In those with the poorest functional status and more involved joints the 5-year survival rate can be les than 50%; this is similar to mortality in other severe diseases such as stage IV Hodgkin's disease and 3-vessel coronary artery disease.
 
But Not for All. Nevertheless, for a small proportion of patients (5 to 20%) the disease is mild and symptoms resolve within 1 to 2 years after treatment with NSAIDs alone. For a further 5 to 20% of patients the disease progresses slowly and response to DMARDs is usually satisfactory.
 
Although those with mild disease often have a smaller number of involved joints and rheumatoid factor is not detectable, there is no agreed prognostic marker(s) to determine which 'type' of rheumatoid arthritis a patient is likely to have at initial presentation. Treatment is therefore usually 'stepped up' gradually to avoid exposing patients with milder types of rheumatoid arthritis to poorly tolerated therapies.
 
The goal of treatment is to control inflammation sufficiently to prevent or retard joint damage with the ultimate goal being to induce complete remission. Unfortunately complete remission is rarely achieved. A number of criteria are used in clinical trials to measure response to treatment and are often combined to form a composite measure of treatment response, e.g. the American College of Rheumatology (ACR) criteria . Minimal clinical response is defined as a 20% improvement (ACR 20).

Try NSAIDs First-NSAIDs reduce joint pain and swelling and may improve function; however, they do not alter disease progression. Nevertheless, because of the unpredictable course of rheumatoid arthritis at presentation they are usually used as initial treatment. If patients continue to experience persistent joint symptoms, morning stiffness, and fatigue for more than 3 months, treatment with DMARDs is indicated.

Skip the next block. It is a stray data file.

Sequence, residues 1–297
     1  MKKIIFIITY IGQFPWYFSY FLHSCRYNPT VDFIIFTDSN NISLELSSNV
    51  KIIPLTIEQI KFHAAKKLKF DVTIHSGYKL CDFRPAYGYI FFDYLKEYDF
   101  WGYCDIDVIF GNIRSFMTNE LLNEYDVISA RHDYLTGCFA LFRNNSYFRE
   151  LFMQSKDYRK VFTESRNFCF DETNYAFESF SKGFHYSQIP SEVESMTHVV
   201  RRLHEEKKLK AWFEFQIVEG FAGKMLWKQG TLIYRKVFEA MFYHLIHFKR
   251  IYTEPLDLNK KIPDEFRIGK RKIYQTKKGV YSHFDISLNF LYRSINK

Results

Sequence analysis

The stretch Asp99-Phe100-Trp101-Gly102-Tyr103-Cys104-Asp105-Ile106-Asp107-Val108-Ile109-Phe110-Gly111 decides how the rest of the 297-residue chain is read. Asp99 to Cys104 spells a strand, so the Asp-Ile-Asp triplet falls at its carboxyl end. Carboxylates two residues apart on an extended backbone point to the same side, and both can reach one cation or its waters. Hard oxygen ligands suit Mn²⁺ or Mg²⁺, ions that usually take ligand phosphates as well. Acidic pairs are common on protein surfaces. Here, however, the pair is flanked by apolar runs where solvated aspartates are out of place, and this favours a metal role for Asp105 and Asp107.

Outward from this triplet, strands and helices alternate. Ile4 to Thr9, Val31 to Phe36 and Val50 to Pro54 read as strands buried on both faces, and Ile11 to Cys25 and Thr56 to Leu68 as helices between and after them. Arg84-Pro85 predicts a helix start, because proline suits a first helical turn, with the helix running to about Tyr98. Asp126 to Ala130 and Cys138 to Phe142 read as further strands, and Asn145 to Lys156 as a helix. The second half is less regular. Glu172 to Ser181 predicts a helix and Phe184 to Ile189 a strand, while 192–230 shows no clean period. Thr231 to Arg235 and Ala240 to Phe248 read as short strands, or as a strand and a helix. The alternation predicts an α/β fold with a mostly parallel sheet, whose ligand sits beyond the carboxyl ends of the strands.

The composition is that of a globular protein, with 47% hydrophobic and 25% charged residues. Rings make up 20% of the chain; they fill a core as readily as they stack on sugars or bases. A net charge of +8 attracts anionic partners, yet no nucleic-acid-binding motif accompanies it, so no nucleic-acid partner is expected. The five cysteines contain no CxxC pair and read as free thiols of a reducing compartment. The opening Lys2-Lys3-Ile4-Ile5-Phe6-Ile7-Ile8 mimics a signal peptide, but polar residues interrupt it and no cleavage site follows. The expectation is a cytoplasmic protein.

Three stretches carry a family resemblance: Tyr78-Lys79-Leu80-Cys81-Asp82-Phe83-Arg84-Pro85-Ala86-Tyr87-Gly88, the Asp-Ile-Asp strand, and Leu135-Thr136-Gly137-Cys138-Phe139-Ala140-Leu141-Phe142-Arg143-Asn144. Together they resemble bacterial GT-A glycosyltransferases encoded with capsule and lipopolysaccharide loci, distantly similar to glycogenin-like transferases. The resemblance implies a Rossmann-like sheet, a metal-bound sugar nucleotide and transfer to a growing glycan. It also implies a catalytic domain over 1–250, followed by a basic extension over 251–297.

Delaying treatment with DMARDs until joint damage is evident was found to be associated with poor long term outcomes. The current treatment strategy therefore involves the early use of DMARDs to limit joint damage and preserve function. The term DMARD applies to a diverse array of drugs such as penicillamine, oral or intramuscular gold, sulfasalazine, antimalarials (chloroquine and hydroxychloroquine) and immunosuppressants (methotrexate, azathioprine, cyclosporin, leflunomide).
 
There is typically a delay in onset of clinical efficacy with these drugs which ranges from 4 weeks to 6 months depending on the DMARD being used. Adverse events are a major limitation of the use of DMARDs and monitoring of complete blood counts is recommended for all DMARDs (except hydroxy-chloroquine and leflunomide).  Additional monitoring of liver function tests, serum creatinine and urine proteins is required for some DMARDs. The cost of adverse event monitoring adds significantly to the cost of treatment with these agents.
 
Nevertheless, the consequences of rheumatoid arthritis are so severe that the efficacy/toxicity ratio of drugs such as methotrexate, sulfasalazine and hydroxychloroquine appears to be favourable. Such treatments are best administered by specialist rheumatologists.
 
Among the older DMARDs, methotrexate appears to have the best long term efficacy and is often selected as the initial DMARD. This observation conflicts with the registered indication which is for patients with severe, acute disease who do not respond to a course of NSAIDs and at least one other DMARD. This caution is a reflection of the potentially serious adverse events associated with this drug including an increased risk of lymphoma.
 
Despite methotrexate's ability to reduce disease activity and joint damage, it rarely leads to true remission and combination therapy is frequently required.